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Phoenix Resurrection: The Return of Jean Grey #3 Review

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Phoenix Resurrection: The Return of Jean Grey #3 Review

The X-Men (and readers) get closer to the truth in Phoenix Resurrection: The Return of Jean Grey #3.

Anyone who knows me (and is familiar with comics) knows that Cyclops and Jean Grey are my two favorite X-Men. And if you’re a fan of, uh… Scean? Jott? Jeanclops? Cyclean?

No, that last one sounds like a washing machine.

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Forget their couple name. If you’re a fan of Scott and Jean, there’s no denying those “Dark Phoenix Saga” issues of Uncanny X-Men featured many of their relationship’s defining moments. All credit is, of course, due to Chris Claremont’s emotional dialogue and John Byrne’s expressive art.

So, to see Phoenix Resurrection: The Return of Jean Grey #3 writer Matthew Rosenberg make one of those significant moments so central to this story reaffirms my confidence in the creator. While Rosenberg has sprinkled little nods to Phoenix’s origins throughout this series (I’m looking at you, Cockrum Hill Cemetery), I’m talking about the real deep cuts here. Locations die-hard Scott and Jean fans will never forget.

If I’m being semi-vague, it’s because I don’t want to spoil for others what gave me great joy while reading this issue. And as you’ve likely pieced together by now–this being issue 3 of 5–we’re nearing the conclusion of this refreshingly twisted tale. While the last issue continued to introduce more mysteries, this installment is more focused on getting us to the finish line. Sure, there are more dead characters popping up in unlikely places, but at least the X-Men are getting close to the truth (no matter how much it scares them).Phoenix Resurrection: The Return of Jean Grey #3 ReviewBut just because Phoenix Resurrection is at its halfway point, don’t assume Rosenberg is finished with the surprises. It may not be Cyclops at the door with a bouquet of flowers, but this issue features a very unexpected mid-issue team-up that’ll leave you relating to Strong Guy of all mutants. Rosenberg is great at writing funny X-Men.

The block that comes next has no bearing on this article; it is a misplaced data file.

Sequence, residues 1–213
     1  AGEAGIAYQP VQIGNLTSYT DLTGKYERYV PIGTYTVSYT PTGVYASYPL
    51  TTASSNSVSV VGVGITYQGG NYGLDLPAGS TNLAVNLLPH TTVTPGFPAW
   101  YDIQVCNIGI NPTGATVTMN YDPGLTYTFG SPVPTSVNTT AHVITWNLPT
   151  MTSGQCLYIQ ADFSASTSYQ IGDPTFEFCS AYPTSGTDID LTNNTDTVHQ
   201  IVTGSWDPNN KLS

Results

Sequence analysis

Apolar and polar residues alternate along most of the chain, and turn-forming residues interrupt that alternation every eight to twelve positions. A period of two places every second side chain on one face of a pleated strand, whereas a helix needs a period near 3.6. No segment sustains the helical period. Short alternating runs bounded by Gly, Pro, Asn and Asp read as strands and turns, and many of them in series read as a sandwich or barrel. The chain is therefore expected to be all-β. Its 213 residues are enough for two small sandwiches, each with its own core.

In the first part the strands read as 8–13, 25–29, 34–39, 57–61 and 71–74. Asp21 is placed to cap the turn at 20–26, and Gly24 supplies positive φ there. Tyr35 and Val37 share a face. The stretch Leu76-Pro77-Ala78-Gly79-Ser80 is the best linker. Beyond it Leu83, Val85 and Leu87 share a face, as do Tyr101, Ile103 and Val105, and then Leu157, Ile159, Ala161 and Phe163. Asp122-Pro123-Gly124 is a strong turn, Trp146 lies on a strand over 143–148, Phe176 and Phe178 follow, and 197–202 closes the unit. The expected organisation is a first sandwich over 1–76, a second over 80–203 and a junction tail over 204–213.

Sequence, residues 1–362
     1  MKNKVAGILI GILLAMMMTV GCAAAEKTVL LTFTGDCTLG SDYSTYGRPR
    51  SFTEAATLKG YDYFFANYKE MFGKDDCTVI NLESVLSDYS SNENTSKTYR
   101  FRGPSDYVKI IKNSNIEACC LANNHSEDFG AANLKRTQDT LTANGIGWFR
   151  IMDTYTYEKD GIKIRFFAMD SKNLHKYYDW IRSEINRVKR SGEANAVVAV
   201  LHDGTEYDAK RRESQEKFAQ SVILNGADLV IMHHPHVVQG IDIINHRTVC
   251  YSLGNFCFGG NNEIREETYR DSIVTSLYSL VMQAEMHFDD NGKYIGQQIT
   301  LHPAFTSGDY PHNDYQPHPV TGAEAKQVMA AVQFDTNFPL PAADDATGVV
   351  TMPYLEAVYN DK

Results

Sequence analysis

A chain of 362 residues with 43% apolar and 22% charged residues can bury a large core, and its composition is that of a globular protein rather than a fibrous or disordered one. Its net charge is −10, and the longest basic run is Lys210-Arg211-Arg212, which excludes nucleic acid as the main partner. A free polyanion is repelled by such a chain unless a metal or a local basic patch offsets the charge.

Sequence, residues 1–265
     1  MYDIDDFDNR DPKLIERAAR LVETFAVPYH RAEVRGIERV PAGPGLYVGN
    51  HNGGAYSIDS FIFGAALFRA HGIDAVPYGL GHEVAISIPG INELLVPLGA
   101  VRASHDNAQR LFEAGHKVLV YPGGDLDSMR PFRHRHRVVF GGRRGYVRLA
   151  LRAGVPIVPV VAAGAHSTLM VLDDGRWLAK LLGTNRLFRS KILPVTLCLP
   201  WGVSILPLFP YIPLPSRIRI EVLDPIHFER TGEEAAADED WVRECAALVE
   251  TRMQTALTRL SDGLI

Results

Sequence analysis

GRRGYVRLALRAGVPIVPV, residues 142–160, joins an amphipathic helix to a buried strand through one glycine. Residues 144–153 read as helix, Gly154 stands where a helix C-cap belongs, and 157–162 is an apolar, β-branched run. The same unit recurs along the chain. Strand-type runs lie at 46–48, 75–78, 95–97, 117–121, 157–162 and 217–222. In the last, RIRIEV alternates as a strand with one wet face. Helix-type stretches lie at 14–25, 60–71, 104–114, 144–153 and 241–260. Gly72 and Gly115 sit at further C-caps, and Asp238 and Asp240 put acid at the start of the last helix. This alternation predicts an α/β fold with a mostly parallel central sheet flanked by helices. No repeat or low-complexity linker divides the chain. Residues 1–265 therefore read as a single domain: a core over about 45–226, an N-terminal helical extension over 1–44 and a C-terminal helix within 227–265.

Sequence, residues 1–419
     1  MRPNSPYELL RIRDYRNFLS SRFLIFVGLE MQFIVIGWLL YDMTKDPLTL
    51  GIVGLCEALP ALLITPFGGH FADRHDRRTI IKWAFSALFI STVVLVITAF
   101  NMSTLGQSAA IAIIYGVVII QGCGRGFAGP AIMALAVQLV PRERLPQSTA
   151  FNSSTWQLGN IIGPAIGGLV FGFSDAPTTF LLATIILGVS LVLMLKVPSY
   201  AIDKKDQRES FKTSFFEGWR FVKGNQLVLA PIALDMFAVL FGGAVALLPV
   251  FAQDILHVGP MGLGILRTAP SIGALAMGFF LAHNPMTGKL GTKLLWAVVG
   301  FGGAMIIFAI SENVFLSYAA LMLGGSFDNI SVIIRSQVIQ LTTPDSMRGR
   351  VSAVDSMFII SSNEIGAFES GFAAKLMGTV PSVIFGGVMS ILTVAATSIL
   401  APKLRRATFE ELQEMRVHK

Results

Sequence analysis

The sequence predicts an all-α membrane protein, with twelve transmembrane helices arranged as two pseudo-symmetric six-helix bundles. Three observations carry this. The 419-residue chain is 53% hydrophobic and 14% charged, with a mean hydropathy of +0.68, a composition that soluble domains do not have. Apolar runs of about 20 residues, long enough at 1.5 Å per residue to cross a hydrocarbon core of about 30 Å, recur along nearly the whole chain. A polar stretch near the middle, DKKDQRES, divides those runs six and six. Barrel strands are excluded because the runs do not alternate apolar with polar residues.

Unrelated to X-Men (kind of); I’ve loved how each issue, Rosenberg shines a light on how everyday people are being affected by… whatever the Hell Jean and the Phoenix are unleashing on the world. We had the small-town kids in the first issue, astronauts in the next and this week, we have a father and son who will never go fishing again. In addition to making everything seem a little bit creepier, it reminds readers of just how dangerous the Phoenix can be.

Penciller Joe Bennett is Jean’s artist of the week. I’ll be honest with you–the art took me by surprise. Joe Bennett: The name looked very familiar. Was this the same Joe Bennett who drew some of the comics I read back in the ’90s? Based on the pencils, I didn’t think so at first. But apparently this is the same guy! Props to Bennett for letting his style evolve over time. His characters have a lot more personality than they did in those comics from Marvel’s raddest era. The artistic evolution reminds of X-Men Gold artist Ken Lashley’s own growth as a penciler, from the ’90s to today.

With all that said, I’m honestly not a fan of this current Marvel trend of rotating artists. Call me old-fashioned, but I love to see a consistent writer-artist team on a single story arc. In my opinion, series like Astonishing X-Men and X-Men Blue and Gold can’t help but feel uneven from time to time with their changing visual styles. Don’t get me wrong, the art on this series so far has been fantastic, I’d just love to see one of the talented artists tackling all five issues.

Overall, this issue has me excited for Phoenix Resurrection #4, which seems poised to serve as the series’ most significant issue to date. I’m looking forward to seeing how Rosenberg ties everything together and gets Jean back to a more familiar state. Unfortunately, just when you think this is a true weekly series, you learn that you have to wait two weeks for the next chapter.

I blame the Phoenix.

Phoenix Resurrection: The Return of Jean Grey #3
Is it good?
A surprise team-up and a nice nod to Scott and Jean's past helps this miniseries continue to deliver.
Matthew Rosenberg knows Jean's history and that's so comforting.
Rosenberg writes the extended X-Men family so well, especially the funny ones!
The surprise character appearance allows for some entertaining exchanges.
While the art is good, I'd prefer if this series had one penciler for a more consistent read.

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